At least 31 people still held hostage in Nigerian train attack

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At least 31 people are still being held hostage by gunmen who attacked a train in northwestern Nigeria in March, President Muhammadu Buhari said Thursday.

Eight people were killed and dozens abducted on March 28 when the attackers detonated a bomb on a railway track and opened fire on the train from Abuja to Kaduna, a city where criminal gangs ply their activities.

"I have been informed that at the last count, about 31 people remain in the hands of the kidnappers," President Buhari said in a statement, assuring that he would do everything possible to free the remaining hostages while ruling out a military offensive.

After meeting with their families in the capital Abuja, Buhari said he understood their "strong emotions" and calls for the use of force to free their loved ones.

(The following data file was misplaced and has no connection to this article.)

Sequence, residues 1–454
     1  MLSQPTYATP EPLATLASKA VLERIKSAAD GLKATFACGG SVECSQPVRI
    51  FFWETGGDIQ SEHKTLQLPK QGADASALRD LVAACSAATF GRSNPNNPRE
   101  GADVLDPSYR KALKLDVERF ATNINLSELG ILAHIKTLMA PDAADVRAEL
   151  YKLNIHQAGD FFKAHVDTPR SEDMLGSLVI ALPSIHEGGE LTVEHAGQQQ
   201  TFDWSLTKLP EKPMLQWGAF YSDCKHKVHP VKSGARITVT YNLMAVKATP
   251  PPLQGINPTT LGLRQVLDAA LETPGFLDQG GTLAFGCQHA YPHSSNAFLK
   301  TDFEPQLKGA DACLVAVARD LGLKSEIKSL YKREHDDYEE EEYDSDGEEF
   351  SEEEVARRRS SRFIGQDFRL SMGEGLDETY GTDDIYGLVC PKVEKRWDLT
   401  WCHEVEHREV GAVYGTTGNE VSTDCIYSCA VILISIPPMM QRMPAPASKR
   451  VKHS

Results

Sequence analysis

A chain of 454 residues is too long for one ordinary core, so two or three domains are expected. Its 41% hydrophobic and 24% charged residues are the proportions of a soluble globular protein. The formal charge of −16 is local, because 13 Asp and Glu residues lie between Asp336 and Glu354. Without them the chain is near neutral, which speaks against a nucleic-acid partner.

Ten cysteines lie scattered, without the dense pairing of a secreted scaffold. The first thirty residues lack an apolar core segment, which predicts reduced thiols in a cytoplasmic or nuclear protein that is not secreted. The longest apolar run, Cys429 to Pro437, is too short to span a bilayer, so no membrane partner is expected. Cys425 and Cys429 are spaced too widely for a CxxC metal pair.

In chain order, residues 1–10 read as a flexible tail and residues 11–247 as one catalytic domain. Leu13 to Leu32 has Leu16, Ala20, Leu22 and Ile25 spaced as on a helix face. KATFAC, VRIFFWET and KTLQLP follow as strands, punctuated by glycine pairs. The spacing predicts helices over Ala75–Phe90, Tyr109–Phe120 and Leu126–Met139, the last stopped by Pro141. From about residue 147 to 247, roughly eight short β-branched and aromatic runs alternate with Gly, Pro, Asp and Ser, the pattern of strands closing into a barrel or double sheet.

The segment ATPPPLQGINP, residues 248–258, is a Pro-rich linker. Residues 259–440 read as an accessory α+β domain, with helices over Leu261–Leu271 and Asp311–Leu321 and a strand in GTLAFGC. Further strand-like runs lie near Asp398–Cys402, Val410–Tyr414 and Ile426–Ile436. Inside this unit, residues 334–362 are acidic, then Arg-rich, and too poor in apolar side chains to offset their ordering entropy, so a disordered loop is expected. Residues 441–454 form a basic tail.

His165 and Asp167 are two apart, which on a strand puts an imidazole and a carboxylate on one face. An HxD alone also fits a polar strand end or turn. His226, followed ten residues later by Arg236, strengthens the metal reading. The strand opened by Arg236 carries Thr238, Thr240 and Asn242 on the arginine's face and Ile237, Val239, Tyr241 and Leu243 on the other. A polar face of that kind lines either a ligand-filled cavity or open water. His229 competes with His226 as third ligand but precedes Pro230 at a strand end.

"This option was considered" but ultimately "reluctantly discarded," he explained. "The conditions to ensure a positive outcome and minimize potential collateral damage could not be assured."

The president assured that his "main concern" is that the hostages be released, "safe and sound."

The kidnappers are demanding the release of 16 of their imprisoned commanders in exchange for the hostages. On several occasions, they have threatened to execute the captives while releasing about 20 of them.

President Buhari did not say whether the government had agreed to their demands.

In early July, the kidnappers had released seven hostages in need of "urgent medical attention," according to an intermediary. And according to security sources, 11 hostages were released in June in exchange for several of the kidnappers' children.

Several security sources believe that fighters from the al-Qaeda affiliated jihadist group Ansaru cooperated with criminal gangs in the attack.

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